Brotherhood: The Hip Hopera initially caught my eye because I am a big fan of using the style of hip hop music to convey narrative in theatre (see: my latest obsession with Hamilton). A co-production between b current Performing Arts Co. and writer-performer Sébastien Heins, this high energy production is not without vulnerability.  Combining original music with physical theatre, this piece delivers both entertainment and poignancy.

This “live hip-hop show” traverses through time and musical history as twin brothers, nicknamed, CashMoney and MoneyPussy “break out of the streets and rise to the heights of stardom as hip-hop performers”. A story about hard learned lessons and redemptive salvation, the complexities of this text run deep. With Miquelon Rodriguez’s impressive sound design that blends the original music and lyrics of Heins (and Rodriguez as co-composer) with throwbacks to some of the greats in the hip hop and R&B worlds, this show definitely feels more like a concert than a traditional theatre play (which, I believe, is the point).

Brotherhood
Pictured: Sébastien Heins; Photography by Dakota Arsenault

One of the first things that you will undoubtedly notice upon entering the Arts Court Theatre space is the lighting. Designed by Jacynthe Lalonde A strong collaboration between lighting designer Jacynthe Lalonde and set designer Anahita Dehbonehie, the visual aesthetic of this show screams rap concert and/or music video. The rows upon rows of brightly lit globe bulbs that dominate the upstage centre (a lighting wall  designed by Dehbonehie) are reminiscent of Kanye West’s most recent stints at Glastonbury and Bluesfest; and while I can’t quite put my finger on exactly why, I found myself suddenly very excited for whoever was about to come on stage. Furthermore, the video projections that are woven throughout the performance are a great addition of colour and texture to an otherwise bare stage.

Heins’ formal training is very evident in this piece and I don’t think anyone could deny his talent as a performer. He displays an incredible amount of energy that is undoubtedly necessary in carrying him through such an intensive solo performance. The physicality used to differentiate between characters is always clear and purposeful, and especially evident in the transitions between the brothers themselves. Moreover, there are lovely moments where Heins uses only his body to create important moments of narrative on stage most notably depicting the relationship between the twins’ parents.

It would certainly be remiss of me not to credit some of these ideas to director and dramaturg Karin Randoja whose mise-en-scene reveals a dark and deeply humanizing tale about these two brothers trying to rise above their less than ideal (but unfortunately all too common) childhoods and make it big in the hip-hop industry. The decision to characterize CashMoney and MoneyPussy simply by musical taste (i.e. Wu Tang and Michael Jackson, respectively) is a simple yet significant way to show just how different, artistically and philosophically, the two brothers are. Furthermore, the audience is able to recognize and acknowledge the brothers’ individual temperaments simply by the musical stylings alone (i.e. the smooth R&B of MJ’s ‘Rock with You’ versus the hard hitting rhymes of Ghostface Killah).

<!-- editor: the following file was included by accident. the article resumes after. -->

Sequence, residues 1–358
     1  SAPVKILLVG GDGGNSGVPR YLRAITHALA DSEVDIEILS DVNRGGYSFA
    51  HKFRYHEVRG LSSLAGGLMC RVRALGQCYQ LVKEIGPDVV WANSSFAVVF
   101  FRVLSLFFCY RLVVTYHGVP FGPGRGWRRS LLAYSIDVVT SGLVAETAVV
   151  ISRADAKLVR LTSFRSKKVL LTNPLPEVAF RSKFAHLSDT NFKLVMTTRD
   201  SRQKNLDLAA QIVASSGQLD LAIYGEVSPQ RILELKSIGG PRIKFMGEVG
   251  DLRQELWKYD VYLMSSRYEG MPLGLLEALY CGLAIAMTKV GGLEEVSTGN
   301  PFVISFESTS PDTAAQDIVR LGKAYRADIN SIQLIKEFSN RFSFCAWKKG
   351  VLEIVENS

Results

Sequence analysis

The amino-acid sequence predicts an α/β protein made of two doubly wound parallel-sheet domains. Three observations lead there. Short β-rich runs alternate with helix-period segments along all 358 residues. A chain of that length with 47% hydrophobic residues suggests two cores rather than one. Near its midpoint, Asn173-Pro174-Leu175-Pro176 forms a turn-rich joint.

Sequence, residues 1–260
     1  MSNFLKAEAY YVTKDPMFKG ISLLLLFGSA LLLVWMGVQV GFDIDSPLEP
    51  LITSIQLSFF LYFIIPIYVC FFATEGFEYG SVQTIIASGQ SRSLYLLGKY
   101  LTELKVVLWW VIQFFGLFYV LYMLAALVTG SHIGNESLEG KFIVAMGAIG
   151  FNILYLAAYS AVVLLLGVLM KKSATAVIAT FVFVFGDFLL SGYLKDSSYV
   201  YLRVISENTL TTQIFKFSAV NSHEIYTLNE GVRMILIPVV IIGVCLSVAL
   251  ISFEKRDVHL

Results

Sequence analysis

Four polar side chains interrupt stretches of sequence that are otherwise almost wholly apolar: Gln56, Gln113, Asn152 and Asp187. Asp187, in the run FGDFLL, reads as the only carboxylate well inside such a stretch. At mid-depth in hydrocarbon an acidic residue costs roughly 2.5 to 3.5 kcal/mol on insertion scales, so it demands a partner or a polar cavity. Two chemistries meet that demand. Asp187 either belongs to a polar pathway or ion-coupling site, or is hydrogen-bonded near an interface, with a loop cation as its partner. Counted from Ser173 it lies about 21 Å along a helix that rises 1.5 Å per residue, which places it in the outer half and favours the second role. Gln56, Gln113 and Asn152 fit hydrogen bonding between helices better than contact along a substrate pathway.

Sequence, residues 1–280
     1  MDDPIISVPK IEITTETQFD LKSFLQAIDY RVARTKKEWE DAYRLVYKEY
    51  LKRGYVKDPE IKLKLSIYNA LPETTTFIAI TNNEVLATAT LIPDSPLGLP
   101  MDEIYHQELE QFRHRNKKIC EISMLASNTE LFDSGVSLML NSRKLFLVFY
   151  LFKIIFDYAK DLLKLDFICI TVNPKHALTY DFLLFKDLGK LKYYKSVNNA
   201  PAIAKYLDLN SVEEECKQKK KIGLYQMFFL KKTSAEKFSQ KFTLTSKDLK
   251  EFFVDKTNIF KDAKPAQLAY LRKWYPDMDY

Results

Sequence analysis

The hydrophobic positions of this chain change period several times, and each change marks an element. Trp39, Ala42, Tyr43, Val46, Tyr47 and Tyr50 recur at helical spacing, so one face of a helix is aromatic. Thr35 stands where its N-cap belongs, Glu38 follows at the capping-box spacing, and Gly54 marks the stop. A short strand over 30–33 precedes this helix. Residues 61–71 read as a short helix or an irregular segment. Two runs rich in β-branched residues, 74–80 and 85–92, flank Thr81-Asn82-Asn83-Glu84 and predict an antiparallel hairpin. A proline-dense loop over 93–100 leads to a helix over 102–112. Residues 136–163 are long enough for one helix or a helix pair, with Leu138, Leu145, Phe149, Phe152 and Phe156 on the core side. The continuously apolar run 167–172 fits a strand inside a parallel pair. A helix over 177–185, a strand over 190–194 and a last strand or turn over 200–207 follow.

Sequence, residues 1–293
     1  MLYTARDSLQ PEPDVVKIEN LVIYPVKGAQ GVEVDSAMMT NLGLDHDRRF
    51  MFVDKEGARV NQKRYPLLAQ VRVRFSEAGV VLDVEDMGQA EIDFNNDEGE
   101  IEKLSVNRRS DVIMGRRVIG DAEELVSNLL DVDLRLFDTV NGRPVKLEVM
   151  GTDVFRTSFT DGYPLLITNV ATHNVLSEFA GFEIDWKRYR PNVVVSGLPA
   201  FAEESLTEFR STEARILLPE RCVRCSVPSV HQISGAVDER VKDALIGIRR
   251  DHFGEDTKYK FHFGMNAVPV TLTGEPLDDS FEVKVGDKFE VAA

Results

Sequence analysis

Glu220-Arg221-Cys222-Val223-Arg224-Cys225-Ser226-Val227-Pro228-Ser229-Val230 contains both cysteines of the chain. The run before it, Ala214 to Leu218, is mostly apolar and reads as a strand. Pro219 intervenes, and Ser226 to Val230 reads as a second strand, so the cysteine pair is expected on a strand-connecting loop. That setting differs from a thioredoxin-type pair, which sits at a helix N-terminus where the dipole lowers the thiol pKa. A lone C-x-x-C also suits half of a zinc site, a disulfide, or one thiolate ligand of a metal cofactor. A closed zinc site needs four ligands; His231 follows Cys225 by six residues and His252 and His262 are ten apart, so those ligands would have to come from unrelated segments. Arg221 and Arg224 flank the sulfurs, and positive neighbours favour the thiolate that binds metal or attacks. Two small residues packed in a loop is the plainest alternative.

There’s also the stirring moments where CashMoney goes to prison and has to account for his negligent actions while also coming face to face with narcotics withdrawal. The text touches briefly, though no less viscerally, on themes of sexual violence and politics in prison but also on the process of atonement CashMoney experiences to reach his salvation. A truly lovely moment concludes this section where CashMoney has been released from prison and after the gate closes behind him, he takes a breath of fresh air (see: freedom and a new start) and just lives in that moment, a fully reformed and transformed human being.

It was very interesting (for lack of a better word) to see Brotherhood after The Elephant Girls on Wednesday night because the two shows, while sharing some similarities, could not have been more different in their performance styles (this is not a bad thing). Where The Elephant Girls is more of a slow burn, Brotherhood is much more faced paced and high energy. Both stories deal with individuals trying to “rise above their stations”, yet being brought down by a person they love. Brotherhood is an exciting performative exploration of street and hip hop culture.

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